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Simon

Feathercraft Wisper, First light 420, Fujita Alpina AL-1 400, Incept k40 (4sale),Nautiraid Geenlander 1, K1, 416 & Narak 460 (sold my 550), Pakboats Quest 135, TRAK 2.0
Wanted:original Advanced Elements Air Fusion
Cape Falcon F1, Beth, Hobie AI


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PostPosted: Tue Feb 12, 2019 1:09 am 
paddler

Joined: Thu Feb 07, 2019 10:11 pm
Posts: 5
Hi Simon,
Thanks for the info on the 550. I am interested in finding one to paddle. Are there any 550 paddlers on the west coast? I have only seen a few of the Klepper boats with the Sponsons around Lake Tahoe. I talked to Mark at Long Haul Kayaks, He does not plan on building any boats like the 550.

Klepper T65
Advanced Elements Expedition hybrid
Wilderness Systems Pamlico 135T


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PostPosted: Thu Feb 21, 2019 3:06 am 
knight of the folding kayak realm

Joined: Sun Nov 27, 2011 6:09 pm
Posts: 291
george wrote:
The problem with folding kayaks is that there are not enough of them out there, at least in the US. People looking to kayaks don't understand them. We need to revitalize the Ralph Diaz advocacy and publish a new book.

...

For those into car camping a folding kayak is also ideal. You can get all your camping gear and kayak into the vehicle. Again, assemble the kayak when you get there and either do day trips from your campsite on the water or paddle to an island and set up camp there.

It seems to be exceedingly difficult to figure out a folding kayak business model that is sustainable/profitable. The folding (sorry for the alliterative pun) of Feathercraft and Folbot illustrates this. Alv at Pakboats has also stated their kayak sales wouldn't be enough to sustain them without their folding canoes.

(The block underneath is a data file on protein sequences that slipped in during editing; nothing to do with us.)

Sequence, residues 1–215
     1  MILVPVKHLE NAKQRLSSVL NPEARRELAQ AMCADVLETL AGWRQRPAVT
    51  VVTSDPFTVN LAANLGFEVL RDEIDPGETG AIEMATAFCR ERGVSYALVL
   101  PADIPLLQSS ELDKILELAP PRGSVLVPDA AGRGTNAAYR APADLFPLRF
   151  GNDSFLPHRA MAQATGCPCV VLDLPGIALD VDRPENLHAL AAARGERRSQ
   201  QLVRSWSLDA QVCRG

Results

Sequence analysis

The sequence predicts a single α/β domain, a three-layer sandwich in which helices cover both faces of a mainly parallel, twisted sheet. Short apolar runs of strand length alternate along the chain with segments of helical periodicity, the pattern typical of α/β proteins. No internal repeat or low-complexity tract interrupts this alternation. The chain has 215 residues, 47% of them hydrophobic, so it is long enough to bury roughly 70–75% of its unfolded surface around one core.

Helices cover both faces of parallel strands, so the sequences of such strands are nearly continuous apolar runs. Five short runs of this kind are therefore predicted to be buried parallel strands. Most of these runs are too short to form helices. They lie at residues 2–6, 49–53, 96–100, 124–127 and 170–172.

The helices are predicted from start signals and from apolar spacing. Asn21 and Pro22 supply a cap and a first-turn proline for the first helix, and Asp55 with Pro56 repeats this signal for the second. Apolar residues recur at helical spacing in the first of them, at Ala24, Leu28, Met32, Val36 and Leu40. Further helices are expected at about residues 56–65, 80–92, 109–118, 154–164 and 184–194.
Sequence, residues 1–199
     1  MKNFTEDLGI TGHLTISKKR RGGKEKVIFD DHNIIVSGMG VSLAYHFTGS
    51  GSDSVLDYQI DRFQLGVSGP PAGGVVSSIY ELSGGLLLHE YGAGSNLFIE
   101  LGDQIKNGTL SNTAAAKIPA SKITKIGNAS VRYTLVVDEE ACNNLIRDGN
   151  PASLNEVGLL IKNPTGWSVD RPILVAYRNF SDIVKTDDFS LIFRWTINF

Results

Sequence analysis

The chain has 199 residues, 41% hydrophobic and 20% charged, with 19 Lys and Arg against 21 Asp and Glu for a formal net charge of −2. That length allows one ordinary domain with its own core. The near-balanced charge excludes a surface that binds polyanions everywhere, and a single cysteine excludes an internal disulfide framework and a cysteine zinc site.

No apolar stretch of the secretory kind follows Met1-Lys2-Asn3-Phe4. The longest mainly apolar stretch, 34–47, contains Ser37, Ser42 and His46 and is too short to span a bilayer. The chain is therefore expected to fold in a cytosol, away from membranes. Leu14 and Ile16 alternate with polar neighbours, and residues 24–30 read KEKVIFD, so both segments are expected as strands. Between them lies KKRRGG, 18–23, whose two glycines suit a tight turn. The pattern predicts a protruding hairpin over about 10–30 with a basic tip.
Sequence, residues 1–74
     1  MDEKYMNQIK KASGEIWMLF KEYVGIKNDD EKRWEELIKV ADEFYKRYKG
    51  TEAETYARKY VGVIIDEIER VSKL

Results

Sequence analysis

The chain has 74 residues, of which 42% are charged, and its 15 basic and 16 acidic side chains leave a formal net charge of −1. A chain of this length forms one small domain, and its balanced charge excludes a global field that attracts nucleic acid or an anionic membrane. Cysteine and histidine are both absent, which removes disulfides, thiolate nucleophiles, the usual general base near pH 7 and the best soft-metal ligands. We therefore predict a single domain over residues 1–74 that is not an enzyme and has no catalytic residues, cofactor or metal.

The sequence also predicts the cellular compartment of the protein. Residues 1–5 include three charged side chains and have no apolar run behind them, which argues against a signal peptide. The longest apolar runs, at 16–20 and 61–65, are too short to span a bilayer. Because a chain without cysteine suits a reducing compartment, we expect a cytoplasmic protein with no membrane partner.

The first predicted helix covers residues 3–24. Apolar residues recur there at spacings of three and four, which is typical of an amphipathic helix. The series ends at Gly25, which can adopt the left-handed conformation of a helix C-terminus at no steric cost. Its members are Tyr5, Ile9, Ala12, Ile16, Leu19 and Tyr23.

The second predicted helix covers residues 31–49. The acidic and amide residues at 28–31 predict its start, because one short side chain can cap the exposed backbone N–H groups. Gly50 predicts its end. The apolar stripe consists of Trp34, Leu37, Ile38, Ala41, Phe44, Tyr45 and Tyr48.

I also hate to disagree, but a folder doesn't make sense for most car campers. While loading a hard shell onto a car is a little time-consuming, it's still much faster and easier than assembling and disassembling a folder. There are also more design compromises with folders and they also require more maintenance.


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PostPosted: Thu Feb 21, 2019 4:54 pm 
forum fanatic

Joined: Mon Apr 13, 2015 2:10 pm
Posts: 90
Since I get mentioned in this discussion, I might as well state my feeling again. I agree that it is too time consuming to assemble a folder each time it gets used. But that misses the points that makes folders attractive.
You can pack up a folder when you need to (may be for travel), but a folder travels happily on top of your car like any other boat. In fact, many older people get their folder because of the light weight. They have had hard kayaks for decades, but that 40 lb boat gets too heavy while half the weight is ok to load on top of the car. If you travel by air or by other public transport, you can take a folder along, but a hard boat?
You may feel that the vast majority of people travel by car and has no problem with a hard boat, and you would be right. But as a folding boat manufacturer, we are by definition not part of the majority. We just need to have enough customers to get by. I still believe there are enough customers out there to keep us "afloat".
Canoes are interesting. We make expedition canoes and light duty kayaks because the market for kayaks tends to be local while the market for our canoes tends to be in the far north where it gets too expensive to go with hard boats. We just have to go where the market is.


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PostPosted: Fri Feb 22, 2019 12:35 am 
knight of the folding kayak realm

Joined: Sun Nov 27, 2011 6:09 pm
Posts: 291
Alv wrote:
Since I get mentioned in this discussion, I might as well state my feeling again. I agree that it is too time consuming to assemble a folder each time it gets used. But that misses the points that makes folders attractive.